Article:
Indonesia’s halal tourism bid faces pig pushback
Fri 01 November 2019:
Indonesia’s bidding for more visitors by spreading halal tourism across the archipelago is facing a backlash, with a Christian celebration of pigs – forbidden for Muslims – the latest act of dissent.
The weekend festival-cum-protest in Sumatra, featuring pig racing, chubbiest hog contests and a porcine fashion show, comes as holiday hotspot Bali pushes back against rolling out more Muslim-friendly services on the Hindu island.
Pushing halal tourism in areas with religious minorities – including Christians, Buddhists and Hindus – may do more harm than good, warned Ali Munhanif, an expert on political Islam at Syarif Hidayatullah State Islamic University Jakarta.
“The phenomenon signals an effort to institutionalise conservatism,” he said.
“Bali successfully manages its tourism sector without using a ‘Hindu’ label.
But those who support halal tourism say is misunderstood.
“There is a public misperception that halal tourism is Islamisation. That is wrong and it’s why some people overreact to the concept,” said Zainut Tauhid, Indonesia’s deputy minister of religious affairs.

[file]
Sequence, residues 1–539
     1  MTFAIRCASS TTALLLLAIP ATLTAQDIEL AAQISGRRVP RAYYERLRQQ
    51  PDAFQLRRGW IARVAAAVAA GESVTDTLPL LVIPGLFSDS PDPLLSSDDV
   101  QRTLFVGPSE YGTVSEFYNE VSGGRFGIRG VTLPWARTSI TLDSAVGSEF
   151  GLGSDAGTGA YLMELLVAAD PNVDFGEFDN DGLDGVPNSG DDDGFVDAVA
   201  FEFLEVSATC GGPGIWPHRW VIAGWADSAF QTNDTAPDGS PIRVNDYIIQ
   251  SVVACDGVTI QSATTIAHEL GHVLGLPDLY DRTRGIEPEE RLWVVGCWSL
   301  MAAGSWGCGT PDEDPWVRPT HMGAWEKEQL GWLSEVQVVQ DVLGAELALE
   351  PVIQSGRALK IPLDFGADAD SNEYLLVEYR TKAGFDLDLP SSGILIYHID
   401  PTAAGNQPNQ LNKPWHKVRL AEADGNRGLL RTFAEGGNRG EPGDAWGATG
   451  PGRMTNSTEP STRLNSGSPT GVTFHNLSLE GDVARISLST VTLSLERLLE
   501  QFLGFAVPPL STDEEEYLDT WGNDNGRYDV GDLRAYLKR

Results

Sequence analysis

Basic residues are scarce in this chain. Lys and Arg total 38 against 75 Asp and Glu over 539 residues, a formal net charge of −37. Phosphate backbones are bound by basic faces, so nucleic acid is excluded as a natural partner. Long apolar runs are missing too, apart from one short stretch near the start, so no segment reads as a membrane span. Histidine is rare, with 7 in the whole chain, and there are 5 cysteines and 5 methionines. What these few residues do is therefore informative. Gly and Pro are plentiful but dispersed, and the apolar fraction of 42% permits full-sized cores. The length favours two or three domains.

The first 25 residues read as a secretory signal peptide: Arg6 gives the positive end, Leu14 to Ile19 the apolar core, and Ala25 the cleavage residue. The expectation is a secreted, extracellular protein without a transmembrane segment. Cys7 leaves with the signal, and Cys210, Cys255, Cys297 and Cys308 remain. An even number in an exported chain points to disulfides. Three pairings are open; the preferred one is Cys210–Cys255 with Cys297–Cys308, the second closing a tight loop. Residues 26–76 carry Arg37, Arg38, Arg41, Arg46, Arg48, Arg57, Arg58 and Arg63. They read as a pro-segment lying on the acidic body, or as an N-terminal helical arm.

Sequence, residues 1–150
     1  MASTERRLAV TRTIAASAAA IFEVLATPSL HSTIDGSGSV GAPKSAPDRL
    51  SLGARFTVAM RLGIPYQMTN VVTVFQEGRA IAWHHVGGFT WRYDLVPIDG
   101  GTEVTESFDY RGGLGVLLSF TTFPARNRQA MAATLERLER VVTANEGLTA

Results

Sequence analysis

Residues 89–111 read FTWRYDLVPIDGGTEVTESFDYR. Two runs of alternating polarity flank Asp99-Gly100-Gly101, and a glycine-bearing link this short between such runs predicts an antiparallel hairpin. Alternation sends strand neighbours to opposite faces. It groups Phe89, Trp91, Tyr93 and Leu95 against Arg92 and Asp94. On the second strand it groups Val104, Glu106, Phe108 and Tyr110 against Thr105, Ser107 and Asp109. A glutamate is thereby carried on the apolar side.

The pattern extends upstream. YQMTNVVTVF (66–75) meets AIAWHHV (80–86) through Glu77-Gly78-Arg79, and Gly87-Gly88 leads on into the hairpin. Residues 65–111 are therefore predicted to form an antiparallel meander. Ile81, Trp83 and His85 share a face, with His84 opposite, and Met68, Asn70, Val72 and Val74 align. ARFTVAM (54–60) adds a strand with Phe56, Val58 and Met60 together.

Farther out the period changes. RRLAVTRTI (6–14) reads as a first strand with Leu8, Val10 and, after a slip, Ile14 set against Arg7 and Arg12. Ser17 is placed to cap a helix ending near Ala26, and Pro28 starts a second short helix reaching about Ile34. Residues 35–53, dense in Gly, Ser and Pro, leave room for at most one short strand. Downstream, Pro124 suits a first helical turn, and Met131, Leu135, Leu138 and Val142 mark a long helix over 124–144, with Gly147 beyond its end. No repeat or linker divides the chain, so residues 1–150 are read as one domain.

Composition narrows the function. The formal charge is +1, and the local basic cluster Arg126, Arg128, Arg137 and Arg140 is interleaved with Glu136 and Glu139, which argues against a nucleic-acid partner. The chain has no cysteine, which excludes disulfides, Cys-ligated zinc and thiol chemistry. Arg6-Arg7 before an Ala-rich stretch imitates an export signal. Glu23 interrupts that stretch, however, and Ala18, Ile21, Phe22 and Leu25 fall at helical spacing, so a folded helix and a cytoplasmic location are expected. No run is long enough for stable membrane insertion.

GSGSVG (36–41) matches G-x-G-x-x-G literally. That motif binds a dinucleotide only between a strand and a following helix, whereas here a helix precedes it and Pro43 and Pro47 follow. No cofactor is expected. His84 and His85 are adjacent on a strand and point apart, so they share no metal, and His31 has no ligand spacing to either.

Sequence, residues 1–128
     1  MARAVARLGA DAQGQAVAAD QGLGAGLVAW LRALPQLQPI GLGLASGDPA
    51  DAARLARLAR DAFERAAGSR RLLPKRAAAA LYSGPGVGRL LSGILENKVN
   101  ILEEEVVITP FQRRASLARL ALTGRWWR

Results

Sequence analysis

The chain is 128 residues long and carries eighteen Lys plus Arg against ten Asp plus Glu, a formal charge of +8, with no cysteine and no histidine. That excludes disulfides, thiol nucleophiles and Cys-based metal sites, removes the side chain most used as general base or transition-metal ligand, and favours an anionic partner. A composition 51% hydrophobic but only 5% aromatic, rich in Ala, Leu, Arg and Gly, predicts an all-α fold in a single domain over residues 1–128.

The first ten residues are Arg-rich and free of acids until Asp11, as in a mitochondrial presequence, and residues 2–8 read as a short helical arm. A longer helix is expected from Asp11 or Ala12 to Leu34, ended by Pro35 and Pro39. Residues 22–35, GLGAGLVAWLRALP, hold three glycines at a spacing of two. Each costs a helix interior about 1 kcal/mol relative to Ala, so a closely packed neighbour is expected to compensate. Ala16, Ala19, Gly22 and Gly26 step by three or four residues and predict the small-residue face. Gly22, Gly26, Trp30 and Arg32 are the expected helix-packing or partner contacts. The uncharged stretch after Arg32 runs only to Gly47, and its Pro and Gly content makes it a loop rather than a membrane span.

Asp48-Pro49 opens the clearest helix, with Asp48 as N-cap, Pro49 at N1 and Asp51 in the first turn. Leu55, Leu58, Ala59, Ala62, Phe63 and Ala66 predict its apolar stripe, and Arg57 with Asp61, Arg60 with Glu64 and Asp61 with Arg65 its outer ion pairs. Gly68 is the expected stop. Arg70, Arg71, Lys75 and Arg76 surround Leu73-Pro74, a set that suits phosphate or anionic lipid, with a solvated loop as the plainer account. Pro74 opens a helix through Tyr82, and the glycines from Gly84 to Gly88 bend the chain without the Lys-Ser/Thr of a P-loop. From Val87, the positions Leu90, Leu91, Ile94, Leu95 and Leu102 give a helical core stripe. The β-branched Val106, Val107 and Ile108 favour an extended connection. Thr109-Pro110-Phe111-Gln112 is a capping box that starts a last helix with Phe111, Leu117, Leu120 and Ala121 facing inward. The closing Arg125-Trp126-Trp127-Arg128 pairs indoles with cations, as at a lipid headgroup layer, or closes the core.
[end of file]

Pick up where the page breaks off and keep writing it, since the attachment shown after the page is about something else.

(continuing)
“It is about providing necessary facilities for Muslim visitors such as prayer rooms. So it is facilitation rather than Islamisation.”
Last month, provincial governor Edy Rahmayadi said he wanted to boost tourism with Islam-friendly facilities and services.
That included opening more halal restaurants and mosques, as well as banning the public slaughter of hogs, with the governor saying the practice could turn off Muslim visitors.
This month, Indonesia ushered in new halal labelling rules for consumer products and services, as the government eyes travellers from other Islamic nations to rev up its much-touted “10 New Balis” tourism push, which includes Lake Toba.
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